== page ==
10) Most of the border does not have a drug tunnel problem. They are typically found in Douglas and Nogales, Arizona, as well as Mexicali, San Diego/San Isidro, California.
11) Cartels spend a lot of money building a tunnel–only to be discovered shortly after.
12) Claims by Democrats about the low crime rates in El Paso are an example of walls working. In areas with considerable border barriers such as El Paso, the regional criminal groups turn more professional and shy away from illegal immigration to traffic harder drugs through ports of entry.
13) The presence of physical barriers in cities like El Paso has led to fewer people coming over the border to commit petty crimes or bring loads of drugs on their backs. The criminal organizations in the area shifted toward corrupting U.S. Customs and Border Protection officials to smuggle harder drugs.
14) A partially secured border is more deadly than an open or well-secured one. Previous administrations put barriers south of most cities in Arizona and California to funnel illicit traffic into areas that were easier to manage or too desolate to cross. This led to a spike in deaths since the desire of people to reach the U.S. pushes them to more remote and dangerous areas.
15) Human smuggling and illegal immigration will continue to be a problem until economic opportunities improve in Mexico and in Central America.
16) Mexican transnational criminal groups and their leaders have grown beyond the size and power of the American mafia from Prohibition Era and Al Capone. Cartels are integrated into the Mexican political culture and bureaucracy. Legalization would not stop them.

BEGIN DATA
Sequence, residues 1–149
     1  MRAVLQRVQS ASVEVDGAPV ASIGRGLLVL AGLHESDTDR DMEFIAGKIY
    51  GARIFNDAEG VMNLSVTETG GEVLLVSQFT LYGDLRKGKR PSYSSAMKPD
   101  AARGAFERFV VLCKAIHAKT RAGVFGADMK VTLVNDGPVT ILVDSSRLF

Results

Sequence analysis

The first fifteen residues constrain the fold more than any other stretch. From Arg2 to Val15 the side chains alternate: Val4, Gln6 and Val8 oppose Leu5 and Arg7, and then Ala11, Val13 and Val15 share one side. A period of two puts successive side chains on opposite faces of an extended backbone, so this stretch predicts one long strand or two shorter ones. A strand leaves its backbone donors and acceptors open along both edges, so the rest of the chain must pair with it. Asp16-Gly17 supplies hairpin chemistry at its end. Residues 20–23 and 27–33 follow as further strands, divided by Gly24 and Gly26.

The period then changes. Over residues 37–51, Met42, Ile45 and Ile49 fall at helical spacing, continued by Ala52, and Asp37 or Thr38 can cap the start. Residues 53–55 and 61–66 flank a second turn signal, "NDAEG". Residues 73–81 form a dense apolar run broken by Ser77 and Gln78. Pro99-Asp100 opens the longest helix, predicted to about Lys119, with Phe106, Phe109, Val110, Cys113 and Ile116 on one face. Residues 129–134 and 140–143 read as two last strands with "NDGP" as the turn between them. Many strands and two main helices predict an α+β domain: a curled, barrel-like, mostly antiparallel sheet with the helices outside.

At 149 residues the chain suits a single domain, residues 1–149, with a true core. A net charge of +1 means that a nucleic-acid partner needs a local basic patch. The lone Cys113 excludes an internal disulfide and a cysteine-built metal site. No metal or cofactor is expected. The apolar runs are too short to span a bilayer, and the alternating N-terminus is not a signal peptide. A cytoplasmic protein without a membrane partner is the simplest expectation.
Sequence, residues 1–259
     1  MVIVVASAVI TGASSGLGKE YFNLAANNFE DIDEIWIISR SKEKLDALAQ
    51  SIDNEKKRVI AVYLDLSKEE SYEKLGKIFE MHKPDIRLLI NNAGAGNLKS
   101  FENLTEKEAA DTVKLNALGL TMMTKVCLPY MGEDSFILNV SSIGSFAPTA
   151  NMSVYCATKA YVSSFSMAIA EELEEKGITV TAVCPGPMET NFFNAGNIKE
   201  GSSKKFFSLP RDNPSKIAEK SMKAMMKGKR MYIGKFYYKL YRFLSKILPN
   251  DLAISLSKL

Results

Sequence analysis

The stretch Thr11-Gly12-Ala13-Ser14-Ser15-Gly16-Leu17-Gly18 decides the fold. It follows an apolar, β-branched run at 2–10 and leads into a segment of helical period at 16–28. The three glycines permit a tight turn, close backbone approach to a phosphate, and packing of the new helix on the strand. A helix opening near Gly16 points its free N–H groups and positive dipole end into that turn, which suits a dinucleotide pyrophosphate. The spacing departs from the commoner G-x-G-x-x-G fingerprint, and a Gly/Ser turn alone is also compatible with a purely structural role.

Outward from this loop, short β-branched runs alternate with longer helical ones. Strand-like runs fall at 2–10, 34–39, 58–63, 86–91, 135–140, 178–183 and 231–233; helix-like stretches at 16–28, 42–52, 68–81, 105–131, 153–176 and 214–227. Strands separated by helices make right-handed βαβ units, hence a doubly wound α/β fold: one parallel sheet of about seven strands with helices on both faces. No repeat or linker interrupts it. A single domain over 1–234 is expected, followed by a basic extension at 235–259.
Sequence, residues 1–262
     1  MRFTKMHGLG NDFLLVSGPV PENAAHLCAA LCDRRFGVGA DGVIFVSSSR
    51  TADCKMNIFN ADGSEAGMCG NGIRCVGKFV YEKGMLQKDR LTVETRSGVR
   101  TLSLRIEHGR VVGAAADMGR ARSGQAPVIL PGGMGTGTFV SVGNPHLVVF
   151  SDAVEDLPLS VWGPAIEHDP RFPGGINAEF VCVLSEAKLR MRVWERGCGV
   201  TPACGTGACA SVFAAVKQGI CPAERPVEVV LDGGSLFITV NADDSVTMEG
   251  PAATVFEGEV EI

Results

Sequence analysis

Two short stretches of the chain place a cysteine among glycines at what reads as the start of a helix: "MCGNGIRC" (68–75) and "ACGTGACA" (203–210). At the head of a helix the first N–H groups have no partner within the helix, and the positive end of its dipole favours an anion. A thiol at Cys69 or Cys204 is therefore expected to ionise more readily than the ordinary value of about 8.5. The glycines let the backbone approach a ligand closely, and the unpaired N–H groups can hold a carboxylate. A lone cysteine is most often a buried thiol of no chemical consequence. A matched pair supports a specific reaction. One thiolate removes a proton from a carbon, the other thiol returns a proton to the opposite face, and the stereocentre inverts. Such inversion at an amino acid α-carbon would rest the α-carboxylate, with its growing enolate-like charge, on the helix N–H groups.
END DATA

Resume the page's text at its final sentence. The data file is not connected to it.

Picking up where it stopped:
17) The decriminalization of marijuana and the production of higher quality plants in the U.S. versus Mexico had a series of unspoken consequences. After marijuana from Mexico was not able to compete with U.S.-grown plants, some cartels shifted their model more toward human smuggling–becoming a factor in the 2014 migrant crisis and the current one at the U.S. border.
18) After marijuana decriminalization in the U.S., cartels shifted to increase their cultivation of poppies and the production of black tar heroin. In order to compete with the Asian product, cartels use fentanyl–playing a role in the current opioid overdose epidemic.
19) The U.S. State Department influences how hard authorities crack down on cartels. U.S. agencies have been told to “measure their law enforcement priorities with the State Department’s diplomatic concerns.”